How Does a Suspension Fork Work on a Mountain Bike?

Written by joe fletcher
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Mountain bike suspension forks, or front shocks, are designed to absorb the impact that is common on rough mountain bike trails. They provide a more comfortable, stable ride over rough terrain that includes larger obstacles like rocks and logs. Forks utilise different construction, but all seek to activate when the front tire rolls over a bump. The main types of mountain bike forks are air and coil.

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Compression and Rebound

When the front tire rolls over a bump, the spring mechanism, whether it be air or metal coil, is activated and the shock compresses. Adjusting the preload of a fork alters how much pressure it will take to initiate compression. Add air or tighten the spring to make the fork more rigid. After compressing, the fork will rebound back into position. This compression rebound process absorbs the impact of trail obstacles, which would otherwise be felt in the cyclist's arms.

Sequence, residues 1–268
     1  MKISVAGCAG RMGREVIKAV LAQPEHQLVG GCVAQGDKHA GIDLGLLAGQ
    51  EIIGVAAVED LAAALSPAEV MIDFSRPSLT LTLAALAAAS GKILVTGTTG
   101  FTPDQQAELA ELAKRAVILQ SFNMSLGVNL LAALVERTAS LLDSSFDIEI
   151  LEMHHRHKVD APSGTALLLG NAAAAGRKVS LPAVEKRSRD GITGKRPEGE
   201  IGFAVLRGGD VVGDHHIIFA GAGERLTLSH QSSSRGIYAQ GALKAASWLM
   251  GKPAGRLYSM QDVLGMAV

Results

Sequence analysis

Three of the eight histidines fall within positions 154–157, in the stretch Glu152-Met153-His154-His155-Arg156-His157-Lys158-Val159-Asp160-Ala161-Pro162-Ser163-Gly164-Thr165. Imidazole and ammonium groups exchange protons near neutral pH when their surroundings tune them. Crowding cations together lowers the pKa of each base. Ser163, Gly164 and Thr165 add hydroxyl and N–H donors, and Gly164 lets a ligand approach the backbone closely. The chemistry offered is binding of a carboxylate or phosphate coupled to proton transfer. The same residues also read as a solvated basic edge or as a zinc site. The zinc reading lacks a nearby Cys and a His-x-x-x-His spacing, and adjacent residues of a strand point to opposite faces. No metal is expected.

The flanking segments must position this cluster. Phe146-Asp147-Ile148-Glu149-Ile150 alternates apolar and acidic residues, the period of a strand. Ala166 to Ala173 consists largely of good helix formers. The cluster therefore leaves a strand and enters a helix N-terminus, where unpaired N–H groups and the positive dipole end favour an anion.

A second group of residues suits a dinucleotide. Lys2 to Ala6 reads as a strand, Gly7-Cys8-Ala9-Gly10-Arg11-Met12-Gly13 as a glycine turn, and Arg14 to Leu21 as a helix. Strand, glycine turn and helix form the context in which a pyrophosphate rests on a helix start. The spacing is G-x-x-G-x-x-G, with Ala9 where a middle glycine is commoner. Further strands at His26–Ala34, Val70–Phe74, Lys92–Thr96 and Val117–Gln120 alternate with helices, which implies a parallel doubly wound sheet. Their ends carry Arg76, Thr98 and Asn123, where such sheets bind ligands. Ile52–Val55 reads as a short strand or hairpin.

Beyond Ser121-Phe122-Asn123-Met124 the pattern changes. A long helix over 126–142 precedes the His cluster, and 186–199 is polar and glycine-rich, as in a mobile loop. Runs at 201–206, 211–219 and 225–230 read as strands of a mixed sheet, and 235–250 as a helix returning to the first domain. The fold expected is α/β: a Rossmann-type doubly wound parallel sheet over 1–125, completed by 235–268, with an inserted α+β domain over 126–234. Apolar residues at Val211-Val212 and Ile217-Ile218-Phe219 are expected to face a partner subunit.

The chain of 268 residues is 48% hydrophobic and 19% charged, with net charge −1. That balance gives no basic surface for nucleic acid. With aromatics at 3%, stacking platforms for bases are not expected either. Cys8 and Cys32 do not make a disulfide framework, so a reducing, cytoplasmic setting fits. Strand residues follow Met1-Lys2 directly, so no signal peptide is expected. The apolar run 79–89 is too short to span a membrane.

Damping

When the fork compresses, a damping mechanism generates oil or air to control the movement of the fork so that it doesn't bottom out or bounce up and down repeatedly. The damping mechanism pushes oil or air between separate chambers through small holes and mitigates the speed at which the shock will compress and rebound. Most shocks include an adjustment for rebound damping, so that you can adjust how quickly the shock snaps back into place. Some forks also include a compression damping adjustment, which allows you to control the rate at which the shock compresses.

Other Features

In addition to the basic aforementioned processes and features, some suspension forks include a number of other features and adjustments to make them more user-friendly. Forks use different amounts of travel, which is sometimes adjustable, to absorb different levels of impact. The biggest jumps and drops demand shocks with the most travel (8 to 10 inches). Many forks include a lockout knob, which allows the rider to make the fork completely rigid so that it doesn't suffer from unnecessary bounce during a climb.

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